NPR Newscast Editor Brenda Michelle Box Johnson died Thursday following a four-year battle with pancreatic cancer. She was 58.
A statement from NPR said that since her arrival in 2003, Box had “shaped the sound” of NPR newscasts.
“Brenda had an exacting eye and a natural, comfortable way in her dealings with reporters and correspondents, distinguishing her as the type of consummate editor that most organizations can only dream of,” said Robert Garcia, NPR newscast executive producer. “Anyone who ever dealt with Brenda knows what a special and unique person she was; equal parts outspoken and hilarious, brilliant and fun and warm and self-deprecating.”
Prior to working at NPR, Johnson was a a Capitol Hill correspondent for USA Today Broadcasting/Gannett News Service, an anchor for United Press International and the NBC/Mutual Radio networks, and a reporter for West Virginia Public Radio and WTOP in Washington, D.C.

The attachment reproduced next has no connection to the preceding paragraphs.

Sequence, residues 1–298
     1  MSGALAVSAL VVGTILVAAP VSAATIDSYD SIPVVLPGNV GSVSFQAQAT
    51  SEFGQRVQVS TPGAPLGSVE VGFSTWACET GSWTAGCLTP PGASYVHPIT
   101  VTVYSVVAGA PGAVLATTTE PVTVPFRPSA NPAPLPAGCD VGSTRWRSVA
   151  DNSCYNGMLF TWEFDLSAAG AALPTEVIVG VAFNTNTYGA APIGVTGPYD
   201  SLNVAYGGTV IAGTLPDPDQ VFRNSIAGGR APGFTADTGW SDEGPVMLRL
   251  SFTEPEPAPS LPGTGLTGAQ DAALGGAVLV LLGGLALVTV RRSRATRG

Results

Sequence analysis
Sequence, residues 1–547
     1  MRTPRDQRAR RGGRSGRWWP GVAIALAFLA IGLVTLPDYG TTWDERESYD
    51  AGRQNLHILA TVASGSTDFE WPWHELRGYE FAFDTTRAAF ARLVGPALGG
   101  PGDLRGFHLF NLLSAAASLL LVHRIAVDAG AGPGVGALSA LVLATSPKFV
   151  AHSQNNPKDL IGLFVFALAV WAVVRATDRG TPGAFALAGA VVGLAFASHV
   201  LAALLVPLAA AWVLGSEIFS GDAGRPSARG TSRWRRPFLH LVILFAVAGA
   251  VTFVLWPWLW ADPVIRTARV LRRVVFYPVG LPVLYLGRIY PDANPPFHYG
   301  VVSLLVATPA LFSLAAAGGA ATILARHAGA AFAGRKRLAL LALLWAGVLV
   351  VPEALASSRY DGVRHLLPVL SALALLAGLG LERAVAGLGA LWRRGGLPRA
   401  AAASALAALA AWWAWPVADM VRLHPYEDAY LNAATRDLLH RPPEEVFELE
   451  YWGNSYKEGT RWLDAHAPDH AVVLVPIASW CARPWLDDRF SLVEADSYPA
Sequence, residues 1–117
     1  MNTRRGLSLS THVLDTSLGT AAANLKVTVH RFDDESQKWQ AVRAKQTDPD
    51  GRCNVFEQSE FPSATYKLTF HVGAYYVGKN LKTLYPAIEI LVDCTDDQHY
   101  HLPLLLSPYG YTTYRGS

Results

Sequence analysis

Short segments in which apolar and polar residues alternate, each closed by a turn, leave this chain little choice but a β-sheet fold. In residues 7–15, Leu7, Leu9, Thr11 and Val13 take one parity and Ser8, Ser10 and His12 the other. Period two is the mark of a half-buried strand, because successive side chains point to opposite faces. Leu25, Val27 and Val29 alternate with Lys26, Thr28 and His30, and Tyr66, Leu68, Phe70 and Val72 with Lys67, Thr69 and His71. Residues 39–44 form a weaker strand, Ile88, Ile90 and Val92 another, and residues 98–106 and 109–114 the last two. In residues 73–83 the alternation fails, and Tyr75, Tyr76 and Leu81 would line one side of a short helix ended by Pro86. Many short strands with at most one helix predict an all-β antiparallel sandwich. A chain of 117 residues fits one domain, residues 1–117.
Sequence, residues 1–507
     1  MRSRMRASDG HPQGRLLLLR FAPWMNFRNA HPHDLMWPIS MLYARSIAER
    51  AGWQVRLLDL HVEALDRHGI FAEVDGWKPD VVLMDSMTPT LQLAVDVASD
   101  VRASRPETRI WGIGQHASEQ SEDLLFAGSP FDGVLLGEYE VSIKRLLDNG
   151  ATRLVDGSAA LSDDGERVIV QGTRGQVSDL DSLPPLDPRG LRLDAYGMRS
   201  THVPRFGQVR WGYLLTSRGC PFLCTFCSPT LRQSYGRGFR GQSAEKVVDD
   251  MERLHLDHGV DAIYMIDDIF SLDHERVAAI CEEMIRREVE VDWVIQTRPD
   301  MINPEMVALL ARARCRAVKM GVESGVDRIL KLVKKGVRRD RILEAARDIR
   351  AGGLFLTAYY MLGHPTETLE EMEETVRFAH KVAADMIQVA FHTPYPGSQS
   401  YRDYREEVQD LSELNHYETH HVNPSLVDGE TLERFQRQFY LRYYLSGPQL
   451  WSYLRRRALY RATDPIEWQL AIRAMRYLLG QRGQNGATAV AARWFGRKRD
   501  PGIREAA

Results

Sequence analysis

Johnson also was active with the Wilderness Society and the National Wildlife Federation. She was a longtime member of the National Association of Black Journalists, which honored her with an NABJ Excellence Award for her series on black pioneers. Gannett News Service also honored Johnson for her radio coverage of the 20th anniversary of the March on Washington for Jobs and Freedom in 1963.
Johnson’s family requests that contributions in her name be made to the Pancreatic Cancer Action Network. Funeral plans are pending.
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